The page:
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speakers with better mids than HE-6?

post #1 of 10
Thread Starter 

Due to TMJ pain I've had to stop listening to cans, and I really miss the incisive mids and bass of the HE-6.  In general dipoles (Nola & Maggies) are the closest I can seem to get to the experience - but has one found speakers that rival the textured mids of the top planar headphones?  Thanks!

post #2 of 10

Have you considered 'stats? 

post #3 of 10
Thread Starter 

Perhaps it does boil down to physics of the diaphragm, in which case stats are the likely solution.

post #4 of 10

My Revel Studio II's sound better than any headphone I have ever heard, from top to bottom.  I have an HE-6 showing up next week and if there is ANY part of the spectrum that sounds AS GOOD as my speakers, I will be thrilled.

post #5 of 10
Quote:
Originally Posted by Senn-Fi View Post

My Revel Studio II's sound better than any headphone I have ever heard, from top to bottom.  I have an HE-6 showing up next week and if there is ANY part of the spectrum that sounds AS GOOD as my speakers, I will be thrilled.

Use the same amp and you'll be surprised. Won't make ya give up speakers but it is less of a sacrifice than ya think when your listening time don't justify firing up "the" rig.

The 6s don't have the resolution of stats. You want perfect mids, stay with stats. But the 6 gives little away and gains more weight across the spectrum with good gear. Nice complimentary capabilities actually. But going down that hole will demand a price.
post #6 of 10

Let me preface this by saying that I have not heard  the HE-6.  

 

One of the issues in comparing speakers systems to headphones us that you are getting a great deal of reflected room sound with almost any speaker system.  There are pluses to that that reflected sound but it is time delayed and out-of-phase.  Near field listening (six feet/two meters or less) reduces the impact of this phenomena.  In my experience smaller monitor speakers end to be best suited to near field listening.  Generally speaking I don't think line source or horn systems tend to work well near field.  Some planar speakers do very well in the near field, the old Stax ESL F81 or the original Quad ESL are examples, but not all.  The problem with small monitors, especially really small monitors, is that they lack both bass impact and extension.  Subwoofers can partially address this but if the main speakers don't gave fairly solid performance down to at least 50Hz - 60Hz is is quite difficult to achieve seamless blending.  Also, if you're missing mid bass, as opposed to low bass, impact a subwoofer is not a good solution.

 

As to which speakers have great mid range and mid bass performance I think planars are tough to beat: Soundlabs, Quads (I only know the originals and the 63s but the Chinese built newer Quads receive very mixed reviews for quality control), Stax, Beverige and Acoustats (the full range models not the hybrids) are all capable of great sound with the right amps.  I also like the planar magnetic Magnepan and Apogee speakers.  If you're buying used be aware that most electrostats and some planar magnetic speakers are likely to need the panels rebuilt every fifteen years or so.  Electrostats tend not to be good choices for smoking or high dust households and almost all planars don't fare well in high UV situations such as directly in front of south or west facing windows.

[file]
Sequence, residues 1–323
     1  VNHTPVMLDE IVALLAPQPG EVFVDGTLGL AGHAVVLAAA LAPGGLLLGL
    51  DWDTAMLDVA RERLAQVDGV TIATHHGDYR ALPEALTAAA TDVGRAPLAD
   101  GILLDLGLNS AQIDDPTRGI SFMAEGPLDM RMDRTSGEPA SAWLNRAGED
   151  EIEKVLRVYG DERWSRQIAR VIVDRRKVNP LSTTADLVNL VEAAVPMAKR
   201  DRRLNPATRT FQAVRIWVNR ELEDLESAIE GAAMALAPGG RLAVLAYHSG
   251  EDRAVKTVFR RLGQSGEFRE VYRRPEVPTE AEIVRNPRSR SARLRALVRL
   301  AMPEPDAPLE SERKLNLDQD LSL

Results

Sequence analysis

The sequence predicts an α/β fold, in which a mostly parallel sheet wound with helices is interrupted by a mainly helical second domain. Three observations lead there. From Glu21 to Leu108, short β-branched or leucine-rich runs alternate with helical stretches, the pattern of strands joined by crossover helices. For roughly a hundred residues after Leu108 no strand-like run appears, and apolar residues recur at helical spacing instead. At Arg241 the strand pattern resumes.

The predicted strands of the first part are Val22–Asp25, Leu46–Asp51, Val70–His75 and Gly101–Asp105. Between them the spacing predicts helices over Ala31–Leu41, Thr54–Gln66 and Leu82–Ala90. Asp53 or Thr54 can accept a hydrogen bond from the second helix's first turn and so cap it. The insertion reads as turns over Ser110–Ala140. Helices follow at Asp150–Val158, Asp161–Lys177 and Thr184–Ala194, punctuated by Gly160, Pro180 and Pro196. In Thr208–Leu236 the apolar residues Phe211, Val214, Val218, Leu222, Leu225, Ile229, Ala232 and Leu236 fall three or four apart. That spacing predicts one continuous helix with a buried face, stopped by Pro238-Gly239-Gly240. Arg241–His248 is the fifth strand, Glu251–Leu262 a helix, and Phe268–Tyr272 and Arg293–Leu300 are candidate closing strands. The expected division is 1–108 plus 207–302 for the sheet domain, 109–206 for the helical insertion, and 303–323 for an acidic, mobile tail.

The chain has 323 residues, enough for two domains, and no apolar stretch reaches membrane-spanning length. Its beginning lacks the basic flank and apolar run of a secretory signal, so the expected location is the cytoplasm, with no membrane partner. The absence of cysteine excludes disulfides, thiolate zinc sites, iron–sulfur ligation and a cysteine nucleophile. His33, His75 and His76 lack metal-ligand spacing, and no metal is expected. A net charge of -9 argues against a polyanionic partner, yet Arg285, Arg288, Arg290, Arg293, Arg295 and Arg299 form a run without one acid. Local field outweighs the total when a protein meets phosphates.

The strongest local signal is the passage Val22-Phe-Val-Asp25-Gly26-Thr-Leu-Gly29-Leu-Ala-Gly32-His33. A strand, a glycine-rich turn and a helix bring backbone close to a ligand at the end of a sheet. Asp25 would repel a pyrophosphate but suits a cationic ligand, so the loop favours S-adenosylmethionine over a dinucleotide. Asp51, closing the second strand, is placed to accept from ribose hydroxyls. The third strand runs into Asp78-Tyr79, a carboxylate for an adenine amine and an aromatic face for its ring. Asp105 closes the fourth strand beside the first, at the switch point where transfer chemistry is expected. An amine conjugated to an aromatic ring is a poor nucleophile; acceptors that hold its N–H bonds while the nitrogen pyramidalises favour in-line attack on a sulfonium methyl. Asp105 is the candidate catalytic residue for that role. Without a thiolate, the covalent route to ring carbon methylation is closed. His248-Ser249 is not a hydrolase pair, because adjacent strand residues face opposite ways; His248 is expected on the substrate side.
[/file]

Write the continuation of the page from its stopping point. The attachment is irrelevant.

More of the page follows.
Speaker manufacturers that use conventional drivers and tend to have great mid range performance IMO include Green Mountain Audio, Avalon Acoustics, Harbeth and some ProAcs.  The often maligned Wilson speakers can be very good too.

 

Other speaker manufacturers that have a strong following but that I have not heard or not heard enough in known conditions include Vivid, YG Acoustics, VMPS, Marten, Kharma, DeVore Fidelity, Joseph Audio and some Revel and Verity Audio models.


Edited by plantsman - 10/1/12 at 3:37am
post #7 of 10

I've always been fond of Von Schweikert mids (and highs) on the models I heard. (I'm a former owner.) By the way, for some reason I always thought VS had percussion to die for.

I had Apogee Stages too years ago, and they had great midrange tonality and uncanny life-like vocals.


Edited by rgs9200m - 10/1/12 at 4:53pm
post #8 of 10

rgs9200m, after I posted I thought of a number of other speakers I probably should have included but I'd be amending that list forever if I was trying to make it absolutely comprehensive.  The only Von Schweikerts I've heard are older models from when he was still operating in New York.  I thought they sounded promising but I've only heard them in strange rooms/systems so I don't really have an informed opinion.  Von Schweikert's relatively checkered history in business and customer service sort of scared me off the line and since he has effectively given up on brick and mortar dealers they are difficult to audition.

 

Most of your headphone gear (I'm more or less a novice) and your LeHaves are unfamiliar to me but the rest of your in-room stereo system is very nice.  I'm still finding my way here at Head-Fi.  My experience from other forums is that it takes a while to sort out who is worth paying attention to.  Feel free to PM me if you have advice.
 


Edited by plantsman - 10/2/12 at 4:16am
post #9 of 10

Harbeth speakers, amazing midrange...

post #10 of 10
The Harbeths are very nice. Another head fier has a room full of single driver speakers like Hemp, Omegas, etc. Probably 10 pr all hooked up and playing. The Harbeths stood out from all of them.
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